Workers Compensation - Washington

Tara Reck, Managing L&I Attorney at Reck Law PLLC - Workers' Compensation Attorneys

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L&I Claim Payment Coverage: New Billing Code Helps Providers with Online Communication

The attending provider (AP) has an important role in your workers’ compensation claim. In many cases, people with a work injury claim have trouble finding a doctor for an L&I claim. That’s because many medical providers are simply not willing to get involved with L&I claims. In fact, from my personal experience, medical providers don’t feel they get fair payment for the time they spend responding to administrative inquiries. Sometimes, this is true. However, many providers don’t realize they can bill for time spent on responding to L&I, to claim managers, to administrators and others. The Department of Labor and Industries (L&I) has several billing codes for administrative work. For reference, providers can find the appropriate billing codes for admin work in the L&I billing and payment policy manual.


New billing code for workers’ compensation claim providers

Recently, L&I announced an important new billing code that providers can use for online communications with patients and beyond. L&I created the new billing code largely due to COVID. During COVID, many in-person appointments converted to remote or online sessions. Specifically, the new billing code is 9918M. Many treating providers can use this billing code; it’s not limited to the attending provider. More explicitly, attending providers, consultants, psychologists, physical and occupational therapists, and nurse case managers may all use this code. Moreover, they can use this code once per claim per day.


What does the new billing code cover in my workers’ comp claim?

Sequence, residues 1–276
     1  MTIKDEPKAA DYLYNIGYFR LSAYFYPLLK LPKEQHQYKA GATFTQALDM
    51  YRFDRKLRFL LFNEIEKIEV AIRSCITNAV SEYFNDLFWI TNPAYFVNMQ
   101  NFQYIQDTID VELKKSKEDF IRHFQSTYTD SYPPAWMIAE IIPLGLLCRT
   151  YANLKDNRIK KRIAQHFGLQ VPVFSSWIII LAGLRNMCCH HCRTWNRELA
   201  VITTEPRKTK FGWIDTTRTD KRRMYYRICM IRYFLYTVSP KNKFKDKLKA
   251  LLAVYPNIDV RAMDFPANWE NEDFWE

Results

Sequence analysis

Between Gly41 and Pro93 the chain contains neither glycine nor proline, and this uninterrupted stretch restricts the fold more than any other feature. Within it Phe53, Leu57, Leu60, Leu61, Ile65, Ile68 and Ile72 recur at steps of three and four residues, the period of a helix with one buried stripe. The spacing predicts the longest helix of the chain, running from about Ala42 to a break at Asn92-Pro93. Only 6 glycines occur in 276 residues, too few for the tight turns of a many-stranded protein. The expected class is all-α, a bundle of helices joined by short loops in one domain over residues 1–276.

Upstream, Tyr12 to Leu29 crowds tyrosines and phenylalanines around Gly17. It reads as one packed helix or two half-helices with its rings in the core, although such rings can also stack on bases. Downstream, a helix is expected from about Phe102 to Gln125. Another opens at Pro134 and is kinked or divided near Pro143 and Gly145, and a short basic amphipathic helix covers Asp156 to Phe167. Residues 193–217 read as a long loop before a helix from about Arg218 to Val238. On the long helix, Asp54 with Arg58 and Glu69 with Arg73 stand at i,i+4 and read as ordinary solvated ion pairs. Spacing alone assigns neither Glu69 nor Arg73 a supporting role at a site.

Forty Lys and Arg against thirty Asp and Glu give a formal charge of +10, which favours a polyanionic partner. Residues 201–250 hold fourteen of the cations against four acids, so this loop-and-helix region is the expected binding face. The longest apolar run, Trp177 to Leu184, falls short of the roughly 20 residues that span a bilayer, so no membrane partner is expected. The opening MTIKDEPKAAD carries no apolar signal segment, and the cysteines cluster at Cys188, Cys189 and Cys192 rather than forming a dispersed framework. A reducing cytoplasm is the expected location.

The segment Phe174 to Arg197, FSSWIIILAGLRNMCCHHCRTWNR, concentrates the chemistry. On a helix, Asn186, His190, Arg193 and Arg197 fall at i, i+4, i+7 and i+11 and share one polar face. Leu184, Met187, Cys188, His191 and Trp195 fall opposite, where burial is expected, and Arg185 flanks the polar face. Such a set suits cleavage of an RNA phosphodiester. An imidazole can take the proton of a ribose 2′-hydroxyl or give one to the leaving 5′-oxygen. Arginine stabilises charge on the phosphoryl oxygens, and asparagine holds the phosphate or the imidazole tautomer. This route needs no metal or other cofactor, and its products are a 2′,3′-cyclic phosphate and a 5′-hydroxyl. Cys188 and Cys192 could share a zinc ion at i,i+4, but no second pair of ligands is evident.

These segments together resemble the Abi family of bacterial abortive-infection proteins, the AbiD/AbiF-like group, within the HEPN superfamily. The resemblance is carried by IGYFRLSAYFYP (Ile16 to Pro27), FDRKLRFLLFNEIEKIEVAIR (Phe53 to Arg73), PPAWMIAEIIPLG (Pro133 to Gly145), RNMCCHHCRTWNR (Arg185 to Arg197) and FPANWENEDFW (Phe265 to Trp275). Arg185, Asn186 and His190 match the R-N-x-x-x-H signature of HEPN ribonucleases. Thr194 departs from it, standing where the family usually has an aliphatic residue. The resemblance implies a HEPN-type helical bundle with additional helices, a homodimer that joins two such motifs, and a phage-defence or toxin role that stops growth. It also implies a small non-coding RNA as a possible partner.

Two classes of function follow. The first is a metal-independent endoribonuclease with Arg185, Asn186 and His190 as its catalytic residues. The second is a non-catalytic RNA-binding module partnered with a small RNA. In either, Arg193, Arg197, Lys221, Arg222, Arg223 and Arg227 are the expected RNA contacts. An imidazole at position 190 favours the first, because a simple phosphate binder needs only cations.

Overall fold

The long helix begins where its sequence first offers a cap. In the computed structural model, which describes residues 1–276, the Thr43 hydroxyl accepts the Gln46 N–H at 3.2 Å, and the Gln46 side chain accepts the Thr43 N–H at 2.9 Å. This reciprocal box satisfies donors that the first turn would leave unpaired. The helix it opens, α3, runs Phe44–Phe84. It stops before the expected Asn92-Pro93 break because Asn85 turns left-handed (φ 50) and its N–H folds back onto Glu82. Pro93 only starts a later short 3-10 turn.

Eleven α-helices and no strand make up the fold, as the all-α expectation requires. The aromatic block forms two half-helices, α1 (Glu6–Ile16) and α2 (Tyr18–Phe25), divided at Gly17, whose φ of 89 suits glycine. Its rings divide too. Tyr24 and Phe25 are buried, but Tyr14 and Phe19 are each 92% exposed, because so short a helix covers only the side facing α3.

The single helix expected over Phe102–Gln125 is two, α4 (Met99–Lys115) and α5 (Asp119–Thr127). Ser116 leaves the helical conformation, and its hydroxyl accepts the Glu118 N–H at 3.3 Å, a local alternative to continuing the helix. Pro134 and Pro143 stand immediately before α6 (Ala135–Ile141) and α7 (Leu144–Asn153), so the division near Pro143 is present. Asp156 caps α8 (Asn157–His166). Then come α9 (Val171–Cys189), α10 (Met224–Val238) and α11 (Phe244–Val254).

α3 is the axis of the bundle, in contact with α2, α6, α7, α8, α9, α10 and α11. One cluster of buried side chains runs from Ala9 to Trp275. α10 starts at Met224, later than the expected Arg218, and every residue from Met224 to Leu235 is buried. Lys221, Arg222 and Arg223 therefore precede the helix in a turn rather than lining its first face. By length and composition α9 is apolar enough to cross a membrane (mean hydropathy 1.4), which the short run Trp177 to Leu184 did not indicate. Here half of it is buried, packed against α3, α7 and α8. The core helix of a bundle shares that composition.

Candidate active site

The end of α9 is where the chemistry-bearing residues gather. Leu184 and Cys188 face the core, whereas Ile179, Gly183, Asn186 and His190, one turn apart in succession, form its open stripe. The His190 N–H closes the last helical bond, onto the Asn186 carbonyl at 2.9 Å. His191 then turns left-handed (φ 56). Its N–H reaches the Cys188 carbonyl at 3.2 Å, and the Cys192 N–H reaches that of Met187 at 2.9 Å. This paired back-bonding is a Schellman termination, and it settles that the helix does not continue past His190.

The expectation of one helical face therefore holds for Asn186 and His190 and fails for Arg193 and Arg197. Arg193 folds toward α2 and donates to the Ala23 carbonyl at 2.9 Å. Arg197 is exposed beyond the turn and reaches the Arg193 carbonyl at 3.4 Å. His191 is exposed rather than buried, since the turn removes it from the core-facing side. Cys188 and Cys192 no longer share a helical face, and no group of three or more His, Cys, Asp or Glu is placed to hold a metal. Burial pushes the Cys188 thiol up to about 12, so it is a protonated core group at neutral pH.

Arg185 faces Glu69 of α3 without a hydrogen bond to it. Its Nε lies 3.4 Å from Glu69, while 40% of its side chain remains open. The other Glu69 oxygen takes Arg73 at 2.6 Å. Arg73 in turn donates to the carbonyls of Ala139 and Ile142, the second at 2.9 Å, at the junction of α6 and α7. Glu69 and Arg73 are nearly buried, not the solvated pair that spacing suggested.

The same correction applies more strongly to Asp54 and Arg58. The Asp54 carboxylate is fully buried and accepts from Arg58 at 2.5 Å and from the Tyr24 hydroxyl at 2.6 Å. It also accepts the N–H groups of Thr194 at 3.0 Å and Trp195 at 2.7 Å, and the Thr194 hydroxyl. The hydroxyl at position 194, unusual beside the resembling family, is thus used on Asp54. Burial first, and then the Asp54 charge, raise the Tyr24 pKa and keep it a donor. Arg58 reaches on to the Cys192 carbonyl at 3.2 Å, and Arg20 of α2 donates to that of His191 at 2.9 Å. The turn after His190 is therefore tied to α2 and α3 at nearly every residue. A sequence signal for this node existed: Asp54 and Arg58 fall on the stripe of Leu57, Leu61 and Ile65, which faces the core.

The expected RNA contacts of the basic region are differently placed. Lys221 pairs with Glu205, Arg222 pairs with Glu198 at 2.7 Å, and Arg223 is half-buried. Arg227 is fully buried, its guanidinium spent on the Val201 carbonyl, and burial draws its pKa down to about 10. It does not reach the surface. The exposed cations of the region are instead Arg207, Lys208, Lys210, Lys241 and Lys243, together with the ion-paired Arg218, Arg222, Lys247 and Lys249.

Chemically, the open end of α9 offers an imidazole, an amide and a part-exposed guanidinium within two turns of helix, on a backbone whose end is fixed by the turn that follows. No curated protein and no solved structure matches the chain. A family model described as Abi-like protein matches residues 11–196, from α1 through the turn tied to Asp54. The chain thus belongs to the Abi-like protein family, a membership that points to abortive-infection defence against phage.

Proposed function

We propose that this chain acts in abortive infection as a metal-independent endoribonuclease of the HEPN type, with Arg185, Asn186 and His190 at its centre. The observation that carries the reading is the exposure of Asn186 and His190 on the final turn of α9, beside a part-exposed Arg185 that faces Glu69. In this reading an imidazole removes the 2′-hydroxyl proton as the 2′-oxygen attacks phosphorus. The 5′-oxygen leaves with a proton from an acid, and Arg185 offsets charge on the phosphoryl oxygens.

L&I claim providers can use the billing code to charge for the following work:

1) Non in-person follow-ups to prior in-person appointments.

2) Non-urgent consultations for L&I claim accepted conditions (assuming the provider would otherwise charge for an equivalent in-person appointment).

3) Reporting and interpreting diagnostic tests that require discussion, medication, or treatment adjustments.

4) Detailed discussions regarding care or treatment plans and medical rationale.

5) Discussions regarding employability.

6) Detailed discussions concerning non-compliance to L&I claim managers, and

7) Discussions with work injury claimants, employers, vocational counselors, and claims managers relating to return to work


How is this billing code different?

Unlike before, this code allows providers to bill for communications with non-patient claim parties including vocational counselors. Consequently, it’s important to note that the prior codes 99444 and 98969 are no longer active. There’s no question that L&I claims can be time consuming for providers. Especially when it comes to administrative tasks. However, like this new code for online communications, there are many ways providers can bill for the time they spend on workers’ compensation claims.


L&I claim and IME exams during COVID

Workers’ compensation claim administrators can ask people with a work injury claim to attend an Independent Medical Examination (IME).  The IME exam is a standard procedure and an integral part of your L&I claim. This fact remains true during COVID.  The Department of Labor and Industries (L&I), self-insured employers and their third-party administrators continue to request IME tests during COVID. If a work injury claimant refuses to attend without good cause, they may receive a penalty. Here, penalties might include a missed-appointment fee or even suspension of benefits under the workers’ compensation claim.